Dar es Salaam — While various governments across Africa are supporting crop insurance to cushion farmers in times of distress, the situation has been different in Tanzania where the majority of farmers remain exposed to losses resulting from natural disasters.
Apparently, the government has paid very little attention to crop insurance, despite chipping in to boost yields through inputs provision and subsidies. The current state of affairs is worrying agriculture stakeholders and experts, who have stepped up their efforts to ensure that cover is rolled out in the near future.
There are growing fears that if a plan by the government to address the concerns take time to materialise, farmers will harvest thorns as climate change takes its toll.
Already, growing signs of trouble are evident in unreliable rainfall patterns, droughts, floods, unending crop diseases and pests. Smallholder farmers are the worst-hit.
Prof Justine Mtaresi, a lecturer and agricultural consultant at the University of Dar es Salaam (UDSM)'s College of Agricultural Sciences and Fisheries Technology, says quick intervention by the government is needed to cushion smallholder farmers against adverse weather effects.
"Most smallholder farmers will find it difficult to bounce back after the shocks," he said in a telephone interview with BusinessWeek.
Government said recently plans were on the cards for the introduction of an agriculture insurance plan to cushion farmers against various perils such as adverse weather conditions.
It is also a way to encourage more people to venture into the sector, said the director of policy and planning in the Ministry of Agriculture, Mr Obey Assery.
He was speaking during the fourth Mwananchi Thought Leadership Forum (MTLF), which ran under the theme 'Our Agriculture, Our Lifestyle'. The forum was held on May 23, this year.
"We have come to the understanding that this is one of the most important solutions to helping farmers, and it's among the reforms that we are working on in the ministry to be implemented soon," he said.
"Plans between the ministry and Tanzania Insurance Regulatory Authority (Tira) and other partners from various sectors are underway to establish products that can protect the farmer from the risk of climate change as well as other uncertainties," he added.
Prof Mtaresi says that despite the huge contribution of agriculture to the country's economy, insurance stakeholders continued to disregard the sector.
"As a result, both agriculture and the insurance sector remain largely underdeveloped. It should be known that agriculture insurance is a form of risk management used to hedge against dangers and will help smallholder farmers access loans from lending companies," he said.
Tanzania is lagging behind neighbours Kenya and Zambia in providing comprehensive cover to farmers.
In Zambia, for example, the government enrolled over a million smallholder farmers under its input support scheme, Farmer Input Support Programme (FISP), on weather index insurance.
Kenya, on the other hand, introduced an insurance Bill to protect farmers from drought losses.
Players in Tanzania's insurance sector and the government might also what to have a closer look into the Indian studies.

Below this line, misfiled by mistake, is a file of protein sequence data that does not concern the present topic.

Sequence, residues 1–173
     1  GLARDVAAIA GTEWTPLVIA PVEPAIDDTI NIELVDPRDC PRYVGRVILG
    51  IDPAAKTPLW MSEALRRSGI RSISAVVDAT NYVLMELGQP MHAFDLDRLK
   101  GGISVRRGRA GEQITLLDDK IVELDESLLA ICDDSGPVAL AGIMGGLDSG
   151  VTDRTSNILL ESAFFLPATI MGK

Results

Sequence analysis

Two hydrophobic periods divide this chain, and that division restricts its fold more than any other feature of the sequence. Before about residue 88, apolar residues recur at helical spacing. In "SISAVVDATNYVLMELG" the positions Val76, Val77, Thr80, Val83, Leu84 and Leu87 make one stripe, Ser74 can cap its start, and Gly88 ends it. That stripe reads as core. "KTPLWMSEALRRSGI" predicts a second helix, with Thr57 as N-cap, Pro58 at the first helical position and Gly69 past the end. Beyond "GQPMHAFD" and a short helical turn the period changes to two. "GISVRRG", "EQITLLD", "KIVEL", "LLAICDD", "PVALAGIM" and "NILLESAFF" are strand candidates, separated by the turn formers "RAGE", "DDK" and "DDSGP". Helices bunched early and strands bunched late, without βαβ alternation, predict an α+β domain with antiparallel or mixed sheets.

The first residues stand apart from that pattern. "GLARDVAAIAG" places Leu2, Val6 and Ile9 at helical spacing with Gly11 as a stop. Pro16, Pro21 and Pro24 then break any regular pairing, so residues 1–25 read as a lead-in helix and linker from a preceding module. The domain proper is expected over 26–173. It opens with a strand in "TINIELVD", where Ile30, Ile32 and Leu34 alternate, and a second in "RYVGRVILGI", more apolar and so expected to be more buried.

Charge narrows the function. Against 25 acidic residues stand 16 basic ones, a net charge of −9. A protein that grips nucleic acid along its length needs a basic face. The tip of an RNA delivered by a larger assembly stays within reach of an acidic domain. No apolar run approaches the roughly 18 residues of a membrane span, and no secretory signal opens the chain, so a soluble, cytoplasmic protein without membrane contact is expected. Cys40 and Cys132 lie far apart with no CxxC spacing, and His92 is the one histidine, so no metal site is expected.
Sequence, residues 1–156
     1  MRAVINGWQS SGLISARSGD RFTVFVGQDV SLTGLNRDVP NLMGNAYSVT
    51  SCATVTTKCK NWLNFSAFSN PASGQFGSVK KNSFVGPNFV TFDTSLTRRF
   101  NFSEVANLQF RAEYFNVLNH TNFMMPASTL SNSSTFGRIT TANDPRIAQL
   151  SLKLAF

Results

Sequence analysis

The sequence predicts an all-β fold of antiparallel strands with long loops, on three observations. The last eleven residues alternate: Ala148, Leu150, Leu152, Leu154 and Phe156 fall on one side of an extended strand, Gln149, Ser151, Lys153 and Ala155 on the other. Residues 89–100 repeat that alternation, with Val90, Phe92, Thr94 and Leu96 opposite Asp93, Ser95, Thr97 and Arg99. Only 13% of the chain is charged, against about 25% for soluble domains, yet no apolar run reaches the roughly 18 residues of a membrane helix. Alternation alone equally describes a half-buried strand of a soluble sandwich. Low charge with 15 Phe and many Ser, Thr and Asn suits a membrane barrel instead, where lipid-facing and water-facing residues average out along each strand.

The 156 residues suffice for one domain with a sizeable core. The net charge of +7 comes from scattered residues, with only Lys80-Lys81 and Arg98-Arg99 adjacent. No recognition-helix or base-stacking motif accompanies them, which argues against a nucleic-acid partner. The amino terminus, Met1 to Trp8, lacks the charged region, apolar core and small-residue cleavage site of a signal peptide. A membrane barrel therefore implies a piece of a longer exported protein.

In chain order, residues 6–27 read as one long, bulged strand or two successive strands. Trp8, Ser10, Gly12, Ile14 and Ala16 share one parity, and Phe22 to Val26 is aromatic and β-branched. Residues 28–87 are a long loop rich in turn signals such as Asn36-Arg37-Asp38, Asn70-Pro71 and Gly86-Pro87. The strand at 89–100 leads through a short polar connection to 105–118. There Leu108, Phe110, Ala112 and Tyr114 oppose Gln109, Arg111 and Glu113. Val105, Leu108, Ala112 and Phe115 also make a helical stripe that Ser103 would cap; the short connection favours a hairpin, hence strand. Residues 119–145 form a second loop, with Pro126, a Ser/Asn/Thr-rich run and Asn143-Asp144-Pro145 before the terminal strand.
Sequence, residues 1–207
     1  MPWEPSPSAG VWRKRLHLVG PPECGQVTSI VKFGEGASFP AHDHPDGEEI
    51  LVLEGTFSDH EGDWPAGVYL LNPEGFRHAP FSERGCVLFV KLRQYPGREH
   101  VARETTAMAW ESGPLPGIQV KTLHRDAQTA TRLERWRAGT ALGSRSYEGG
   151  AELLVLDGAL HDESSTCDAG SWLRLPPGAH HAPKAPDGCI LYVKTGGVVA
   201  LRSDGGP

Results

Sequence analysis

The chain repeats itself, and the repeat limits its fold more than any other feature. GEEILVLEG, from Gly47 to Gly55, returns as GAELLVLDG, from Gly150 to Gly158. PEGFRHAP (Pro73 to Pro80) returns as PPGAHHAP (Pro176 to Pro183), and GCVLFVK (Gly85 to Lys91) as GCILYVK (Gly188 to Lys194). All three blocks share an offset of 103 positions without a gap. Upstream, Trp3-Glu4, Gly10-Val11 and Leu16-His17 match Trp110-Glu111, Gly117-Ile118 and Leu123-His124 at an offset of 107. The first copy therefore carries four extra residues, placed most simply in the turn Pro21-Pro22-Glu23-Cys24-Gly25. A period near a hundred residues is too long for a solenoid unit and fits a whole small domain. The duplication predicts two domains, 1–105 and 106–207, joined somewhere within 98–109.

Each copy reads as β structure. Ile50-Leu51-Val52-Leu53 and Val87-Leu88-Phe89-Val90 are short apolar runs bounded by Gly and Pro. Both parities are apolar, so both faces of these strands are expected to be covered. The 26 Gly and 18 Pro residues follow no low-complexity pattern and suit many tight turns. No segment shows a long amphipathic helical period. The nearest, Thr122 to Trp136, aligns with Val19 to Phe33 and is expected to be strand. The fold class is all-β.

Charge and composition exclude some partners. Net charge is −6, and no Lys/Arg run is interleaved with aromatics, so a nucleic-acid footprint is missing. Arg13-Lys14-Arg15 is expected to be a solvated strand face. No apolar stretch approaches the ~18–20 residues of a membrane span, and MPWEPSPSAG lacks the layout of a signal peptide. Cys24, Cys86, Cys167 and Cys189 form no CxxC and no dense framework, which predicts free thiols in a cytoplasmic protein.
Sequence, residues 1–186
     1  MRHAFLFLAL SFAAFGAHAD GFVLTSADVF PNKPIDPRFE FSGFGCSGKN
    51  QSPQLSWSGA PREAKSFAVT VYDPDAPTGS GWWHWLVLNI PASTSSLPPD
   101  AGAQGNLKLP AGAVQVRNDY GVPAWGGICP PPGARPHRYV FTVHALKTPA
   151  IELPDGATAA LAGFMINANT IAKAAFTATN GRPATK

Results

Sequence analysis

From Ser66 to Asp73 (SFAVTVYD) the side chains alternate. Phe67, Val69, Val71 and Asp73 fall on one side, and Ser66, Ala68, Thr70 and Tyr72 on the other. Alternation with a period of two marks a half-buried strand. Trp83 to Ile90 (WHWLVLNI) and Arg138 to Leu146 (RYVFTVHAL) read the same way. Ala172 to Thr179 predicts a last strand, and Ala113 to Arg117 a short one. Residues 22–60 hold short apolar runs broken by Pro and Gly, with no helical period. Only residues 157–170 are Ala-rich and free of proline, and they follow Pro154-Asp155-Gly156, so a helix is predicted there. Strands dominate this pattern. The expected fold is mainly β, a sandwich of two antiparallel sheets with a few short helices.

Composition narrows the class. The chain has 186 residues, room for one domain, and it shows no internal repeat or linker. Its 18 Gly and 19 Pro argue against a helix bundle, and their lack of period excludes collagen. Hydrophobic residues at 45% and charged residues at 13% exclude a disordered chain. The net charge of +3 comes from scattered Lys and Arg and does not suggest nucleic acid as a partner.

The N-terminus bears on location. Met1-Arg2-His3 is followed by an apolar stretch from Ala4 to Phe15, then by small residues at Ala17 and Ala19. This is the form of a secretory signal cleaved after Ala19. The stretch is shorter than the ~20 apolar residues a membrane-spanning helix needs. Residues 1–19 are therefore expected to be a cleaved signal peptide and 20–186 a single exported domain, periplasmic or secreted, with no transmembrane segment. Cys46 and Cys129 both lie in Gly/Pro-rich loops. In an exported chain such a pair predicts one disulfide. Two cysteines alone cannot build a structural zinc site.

Insurance experts in the Asian giant have for some time now been recommending the use of information and communication tools (ICT) to help farmers regain faith in crop insurance schemes.
Encouraging use of ICT generally quickens compilation of data, verification and faster settlement of claim making insurance attractive to farmers.
With unseasonal dust and thunderstorms, followed by unseasonal rains which lead to extensive crop damage, the Indian government regards agriculture as a high-risk economic activity and investment in that sector without insurance is an added risk factor.
According to Prof Mtaresi, what Tanzania needs to address this problem is first and foremost, resource mobilisation and adequate budget allocation.
"There is (currently) no proper mechanism to encourage farmers, especially after various shocks; no post-drought livestock restocking and also there is no feeds or seeds aid to farmers," he said. He added: "Unless this is worked upon through an insurance cover, we will be prone to dependency on external food aid."
Dr Stephen Karashani, a former lecturer at Sokoine University of Agriculture (SUA), said any country that is serious about encouraging agriculture investment considers insurance cover a priority.
If the Tanzanian government implements the insurance idea, more investors could be attracted to the sector, and the country could improve food security, he noted.
"Every country that needs to encourage growth in agriculture, should have interest in agricultural insurance as a way to protect farmers, lessen reliance on aid, and bolster economic growth.Tanzania needs to be innovative and encourage more people to engage in agriculture," he said.
Agriculture Non-State Actors Forum (Ansaf) executive director Audax Rukonge said the plan has taken too long to materialise. "It's already late as it stands. This must be implemented right away to help farmers address the challenges of access to water, better and safety seeds as well as make different stakeholders work together in improving the agricultural value chain," he said.
Ms Winnie Bashagi, who works with the Tanzania Rice Council, concurs that the Tanzanian government is running out of time to help encourage its farmers through insurance cover. "The implementation of this initiative should start right away with education to farmers," she said.